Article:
Readers of Colour Recommends

Readers of Colour is a thriving community of women and non-binary folks of colour who meet once a month to discuss literature, film, podcasts and more by women and non-binary creatives of colour. Visit our page to find out more about us and get involved.

In this blog, members of Readers of Colour are sharing books they’ve loved and would recommend. Enjoy!

Three books standing on a shelf with a plant. The books are New Daughters of Africa, edited by Margaret Busby, which has a black cover with a photo of a black woman looking directly at the reader, her hands clasped behind her head; Where the Wild Ladies Are, by Matsuda Aoko, a yellow cover with a dark abstract shape in the top half, and an illustration of the knees of two women in skirts sitting beside each other; Queenie, by Candace Carty-Williams, a deep pink cover with the head of a black woman in profile, her face not visible, and long braids pulled up into a bun.
Some of the books recommended by the Readers of Colour group.

‘Home’ by Ketty Nivyabandi, in New Daughters of Africa, edited by Margaret Busby

I found Home by Ketty Nivyabandi in the wonderful New Daughters of Africa anthology. Ketty is a poet, human rights defender and social justice activist from Burundi. The picture she paints of the home she left and of the home she lives in resonated with the experience that I and so many others from the African diaspora have talked about. The singular beauty, the sights, smells and feeling of being Home. The alienation of being in a new country and the assumption of your value and experience. I found this colourful sensory beautiful piece an ode to home and hope.

By Dee Payne

Celestial Bodies by Jokha Alharthi, translated by Marilyn Booth

Celestial Bodies is a beautifully written often poetic novel. It follows one Omani family over three generations against the backdrop of modernising Oman. It touches on themes such as patriarchy, slavery and tradition. There are strong images throughout Celestial Bodies that have stuck with me. Moments such as a woman giving birth standing up, a child dangling upside-down in a well, and the arrival of the first car in al-Awafi. It is a novel that is bursting with life. There is a complex narrative structure and each chapter focuses on a different character such as ‘Qamar, the Moon’ and ‘Masouda, still here’. With such a rich host of characters and a looping, intertwined narrative it is easy to see the influence of writers like Garcia Marquez. I found that it was a joy to read such complex and lively writing focusing on Omani women. It offers a unique insight into Oman’s culture and Alharthi evokes a vivid sense of place throughout. Celestial Bodies is a story of love, loss, survival and deep societal and cultural change.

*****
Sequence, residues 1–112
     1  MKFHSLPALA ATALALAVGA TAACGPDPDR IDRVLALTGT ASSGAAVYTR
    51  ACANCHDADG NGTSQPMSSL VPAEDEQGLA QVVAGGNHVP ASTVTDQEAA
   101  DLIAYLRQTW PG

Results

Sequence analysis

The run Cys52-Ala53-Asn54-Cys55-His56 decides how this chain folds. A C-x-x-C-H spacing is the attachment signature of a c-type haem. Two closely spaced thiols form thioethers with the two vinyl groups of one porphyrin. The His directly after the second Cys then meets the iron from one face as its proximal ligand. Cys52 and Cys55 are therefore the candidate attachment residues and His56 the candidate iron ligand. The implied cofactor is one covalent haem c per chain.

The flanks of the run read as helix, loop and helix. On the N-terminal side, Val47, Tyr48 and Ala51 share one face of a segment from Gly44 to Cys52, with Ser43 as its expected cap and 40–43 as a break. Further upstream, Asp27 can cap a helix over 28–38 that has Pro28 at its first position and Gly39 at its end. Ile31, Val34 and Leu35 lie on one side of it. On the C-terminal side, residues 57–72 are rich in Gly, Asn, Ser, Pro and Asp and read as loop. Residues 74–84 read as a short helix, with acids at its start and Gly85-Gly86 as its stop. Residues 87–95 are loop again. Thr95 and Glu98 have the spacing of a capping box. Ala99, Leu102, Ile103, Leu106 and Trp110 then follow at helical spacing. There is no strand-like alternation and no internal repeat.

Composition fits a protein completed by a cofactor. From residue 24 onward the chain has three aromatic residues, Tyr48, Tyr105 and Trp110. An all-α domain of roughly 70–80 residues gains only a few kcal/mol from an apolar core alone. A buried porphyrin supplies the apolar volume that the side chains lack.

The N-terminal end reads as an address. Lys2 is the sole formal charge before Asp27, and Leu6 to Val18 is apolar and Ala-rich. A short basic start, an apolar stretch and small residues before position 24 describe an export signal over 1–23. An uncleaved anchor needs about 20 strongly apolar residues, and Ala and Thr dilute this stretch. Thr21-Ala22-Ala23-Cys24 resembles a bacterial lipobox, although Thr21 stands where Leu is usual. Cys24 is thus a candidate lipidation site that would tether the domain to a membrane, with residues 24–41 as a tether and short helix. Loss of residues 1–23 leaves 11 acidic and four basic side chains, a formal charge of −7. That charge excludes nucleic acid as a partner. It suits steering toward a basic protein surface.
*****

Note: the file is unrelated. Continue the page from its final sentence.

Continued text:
By Roshni G.

Girl, Woman, Other by Bernardine Evaristo

By Nanjika, with subtitles compiled by volunteer and RoC member Ru.

My Past Is a Foreign Country by Zeba Talkhani